• The resolution stresses the importance of sharing best national practices in legal empowerment and requests the Secretary General to present a report to the General Assembly at its next session. UNDP will play an important role in preparation of the SG report, and the outcomes of our consultations here in Bangkok will definitely feed into the bigger picture.
• At the regional level, legal empowerment is also gaining its prominence. Our dialogue here in Bangkok is an excellent example.
• Further, the recently held summit of the African Union discussed legal empowerment in the African context, and is considering UNDP as a key partner in implementing legal empowerment in many African countries. A special launch of legal empowerment initiatives, and a regional dialogue, will take place in Benin in April, bringing together representatives from 21 francophone African countries.
• A number of initiatives are taking place in Europe, and a similar regional consultation is planned for the Europe and CIS region.
• Besides engaging in various international and regional forums and generating strong political commitment to legal empowerment, UNDP is forging partnerships with a wide range of potential partners, including international agencies, the private sector and civil society organizations to promote this important agenda.
• For example, UNDP is further strengthening its collaboration with the Institute for Liberty and Democracy, the leading organization which provides diagnostics of informality and policy reforms in the area of property and business rights.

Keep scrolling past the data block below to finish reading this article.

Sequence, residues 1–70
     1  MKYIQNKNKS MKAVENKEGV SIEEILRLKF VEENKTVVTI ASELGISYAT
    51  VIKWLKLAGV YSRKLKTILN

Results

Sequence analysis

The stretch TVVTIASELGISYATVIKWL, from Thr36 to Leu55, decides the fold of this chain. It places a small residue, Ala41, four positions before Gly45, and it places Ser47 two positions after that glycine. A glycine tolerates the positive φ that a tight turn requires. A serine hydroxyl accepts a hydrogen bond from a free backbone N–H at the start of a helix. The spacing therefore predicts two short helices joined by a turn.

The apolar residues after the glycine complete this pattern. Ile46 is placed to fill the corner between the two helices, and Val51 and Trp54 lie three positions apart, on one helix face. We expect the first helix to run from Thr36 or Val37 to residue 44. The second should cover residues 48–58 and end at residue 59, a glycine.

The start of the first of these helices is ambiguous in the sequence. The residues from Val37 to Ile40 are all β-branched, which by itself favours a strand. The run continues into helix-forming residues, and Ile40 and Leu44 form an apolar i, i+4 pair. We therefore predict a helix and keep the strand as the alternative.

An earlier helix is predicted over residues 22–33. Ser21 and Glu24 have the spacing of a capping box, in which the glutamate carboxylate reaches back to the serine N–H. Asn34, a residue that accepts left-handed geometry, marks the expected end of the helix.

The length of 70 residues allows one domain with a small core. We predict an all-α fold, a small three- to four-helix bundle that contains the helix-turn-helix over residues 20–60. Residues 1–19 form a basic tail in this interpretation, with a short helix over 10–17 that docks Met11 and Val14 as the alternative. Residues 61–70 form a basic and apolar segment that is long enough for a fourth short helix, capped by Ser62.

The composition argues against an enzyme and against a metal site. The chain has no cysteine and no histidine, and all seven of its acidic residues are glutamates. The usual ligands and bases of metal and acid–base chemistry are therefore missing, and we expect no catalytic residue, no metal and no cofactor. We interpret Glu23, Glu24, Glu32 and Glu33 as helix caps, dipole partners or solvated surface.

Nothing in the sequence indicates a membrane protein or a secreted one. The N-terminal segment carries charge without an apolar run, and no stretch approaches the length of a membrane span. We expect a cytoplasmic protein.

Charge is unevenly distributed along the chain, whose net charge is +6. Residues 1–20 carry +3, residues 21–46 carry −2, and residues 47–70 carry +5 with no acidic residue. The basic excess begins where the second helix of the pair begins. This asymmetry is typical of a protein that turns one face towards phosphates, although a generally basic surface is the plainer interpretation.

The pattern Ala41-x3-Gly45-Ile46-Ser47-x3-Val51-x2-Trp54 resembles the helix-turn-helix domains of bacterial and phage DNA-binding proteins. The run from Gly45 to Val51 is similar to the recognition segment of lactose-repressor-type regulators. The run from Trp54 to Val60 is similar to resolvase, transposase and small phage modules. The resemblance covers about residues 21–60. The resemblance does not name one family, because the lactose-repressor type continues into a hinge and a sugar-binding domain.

• Recently, Open Society Institute and Soros’ Foundation expressed interest to support legal empowerment, particularly focusing on grassroots level engagement for legal empowerment.
• Discussions with: CIVICUS, Slum Dwellers International, World Conference of Religions for Peace, The Huairou Commission, a global coalition for grassroots women’s organizations; Baker and McKenzie and Lex Mundi, the world’s leading law firms –are all eager to contribute to the promotion of legal empowerment.
• Last but not least, even though the commission on legal empowerment is now closed, the members of the Commission are actively promoting and supporting the agenda around the globe in their personal capacities.

Summary of "The End of Lawyers?" webcast by Richard Susskind 4/22

Following Richard Susskind's presentation at Harvard yesterday, I summarized some of his observations on the disruption of technology on the legal industry. I'm sure some traditional laywers, if they have watched it, would be rolling their eyes. Most of his points really have already happened or are already happening in other professional fields (all adopting and adapting at different rates, depending on how flexible the particular industry is, and definitely spearheaded by the IT industry.) Law of course, as part of its historical culture, is one of the slowest to change. You can view the hour-long webcast through

Below is my summary of his presentation:

1. Starting Point needs to change to: "What do Clients Need?" 
  • -This should be the starting question, which is more crucial as current technologies continue to disrupt current patterns of consumption. Lawyers, as a unique breed within the service industry, seldom ask what the client needs- we tend to do things as they have been done, through tradition. However, to cope with the fast changing world right now, this is a critical question, and a starting point for responding. 
  • Clients:
    • Need our "knowledge"- in particular, structured, not haphazard